Bracing for explosive growth in the electrification of mobility, UK-based engineering giant Rolls-Royce is developing various all-electric and hybrid-electric drive systems for aircraft. At one of its most-watched hybrid-electric aero power and propulsion system programs, work is underway to develop a formidable system that could power future aircraft at a megawatt-scale. In December, the program marked a notable triumph just weeks after commencing initial testing.
Rolls-Royce’s Power Generation System 1 demonstrator in December delivered more than a megawatt of power just weeks after testing began at the newly renovated Testbed 108 in Bristol, UK. Testing is continuing with the aim of reaching up to 2.5 MW. Courtesy: Rolls-Royce
The company on Dec. 7 said its Power Generation System 1 (PGS1) had delivered more than a megawatt of power at its newly renovated Testbed 108 in Bristol, UK (Figure 4). The milestone is a “great achievement” for the system, which has been designed with a 2.5 MW capacity, noted Adam Newman, chief project engineer at Rolls-Royce’s Aviation Futures. “Our generator is about the size of a beer keg, yet it has already produced enough electricity to continuously power around 1,000 homes—that is really taking technology to new levels.”
The World’s Most Powerful Flying Generator
The triumph is especially important for Rolls-Royce because the PGS1 demonstrator derives from the E-Fan X technology demonstrator project, which Rolls-Royce began developing jointly with aircraft manufacturing giant Airbus. The pioneering E-Fan X project involved removing a single engine from an Avro RJ100 aircraft (a 100-seat regional jet) and replacing it with a hybrid-electric propulsion system powered by a AE2100 gas turbine, a 2.5-MW generator, and a battery system. But while Rolls-Royce and Airbus had hoped the system would become “the world’s most powerful flying generator,” the E-Fan X partnership concluded in 2021 “when both parties recognized there was no requirement to create an actual aircraft for test flight,” Rolls-Royce said.
Rolls-Royce, however, continued development of the 2.5-MW generator, continuing work at its bespoke facility in Trondheim, Norway. “When future hybrid-electric aircraft opportunities emerge in the megawatt and above class, we want to be as prepared as we can be to offer a ready-made solution,” said Newman.
The PGS1 project kicked off in June 2021 with testing of the AE2100 engine element, the specialist controls, and thermal management system. The company later brought in a fully operational generator and 3,000-volt power electronics system.
Key Challenges: Managing Weight and Thermal Management
“The challenge of this type of hybrid technology at this level of power is really about weight and thermal management. Batteries weigh more than kerosene, and once you have added on cables, power electronics, and the cooling systems for each component, you also have unavoidable increased complexity,” explained Riona Armesmith, chief project engineer of Rolls-Royce Hybrid Electric Propulsion. “So, we have to make PGS1 as light, reliable, and simple to operate as possible. And if we achieve that we will be in a great position, with a fully-integrated and ground-tested power and thermal management system. It means whenever anyone comes forward with a hybrid or all-electric aircraft concept requiring megawatt-power, we will be ready to go.”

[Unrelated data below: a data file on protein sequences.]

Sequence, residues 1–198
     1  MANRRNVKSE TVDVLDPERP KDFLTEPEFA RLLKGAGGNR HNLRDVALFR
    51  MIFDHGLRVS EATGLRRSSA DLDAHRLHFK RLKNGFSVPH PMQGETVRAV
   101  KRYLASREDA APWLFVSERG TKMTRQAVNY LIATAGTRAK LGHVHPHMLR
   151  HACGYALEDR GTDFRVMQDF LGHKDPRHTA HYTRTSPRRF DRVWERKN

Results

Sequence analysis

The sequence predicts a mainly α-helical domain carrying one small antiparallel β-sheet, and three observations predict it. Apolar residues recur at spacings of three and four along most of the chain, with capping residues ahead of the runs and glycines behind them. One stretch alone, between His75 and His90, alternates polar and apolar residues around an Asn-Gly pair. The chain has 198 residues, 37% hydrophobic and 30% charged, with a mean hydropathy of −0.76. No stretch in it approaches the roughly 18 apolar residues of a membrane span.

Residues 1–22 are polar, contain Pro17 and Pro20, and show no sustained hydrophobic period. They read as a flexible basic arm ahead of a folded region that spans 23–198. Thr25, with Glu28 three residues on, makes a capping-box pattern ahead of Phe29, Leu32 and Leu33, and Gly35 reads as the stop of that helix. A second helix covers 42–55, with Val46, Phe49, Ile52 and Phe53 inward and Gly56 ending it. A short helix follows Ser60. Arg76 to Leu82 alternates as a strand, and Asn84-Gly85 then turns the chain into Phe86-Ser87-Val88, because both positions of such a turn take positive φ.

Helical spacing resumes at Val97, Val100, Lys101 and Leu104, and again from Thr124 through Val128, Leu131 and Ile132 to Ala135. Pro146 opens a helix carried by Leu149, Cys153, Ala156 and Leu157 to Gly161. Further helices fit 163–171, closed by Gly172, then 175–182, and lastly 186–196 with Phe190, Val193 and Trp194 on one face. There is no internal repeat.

The company says the PGS1 program will be an essential part of its sustainability strategy, which includes developing innovative electrical power and propulsion systems, as well as further improving gas turbine performance and promoting the use of sustainable aviation fuels. Rolls-Royce also has several kilowatt initiatives underway. In November 2021, its “Spirit of Innovation” aircraft developed under its “Accelerating the Electrification of Flight” project clocked a maximum speed of 387.4 miles per hour—possibly marking a record for the world’s fastest all-electric vehicle. Under another project, Rolls-Royce will pilot an all-electric vertical take-off and landing (eVTOL) vehicle—essentially a four-person flying taxi—that will feature a 100-kW-class lift and push electrical propulsion unit.
According to the company, electrification of mobility is a promising new frontier that could help reshape aircraft design. All-electric and hybrid-electric drive systems allow aircraft to fly with power from renewable resources or fuel cells instead of only with fossil fuels, and make new aircraft designs possible, it said. “Electrical technology will allow us to increase aircraft efficiency, reduce aircraft emissions and fuel consumption, and build aircraft with very low noise levels and new, short and vertical take-off and landing capabilities.”
Much progress has already been achieved, the company noted. “Light sport and training aircraft already fly electrically today. Electric commuter class aircraft and air taxis are on the way, and we aim to see the first all-electric aircraft transport people and goods in the middle of the decade.” The company acknowledges it’s a bold vision. “But it is one worth doing for a connected future protecting our planet’s environment for generations to come,” it said.
—Sonal Patel is a POWER senior associate editor (@sonalcpatel, @POWERmagazine).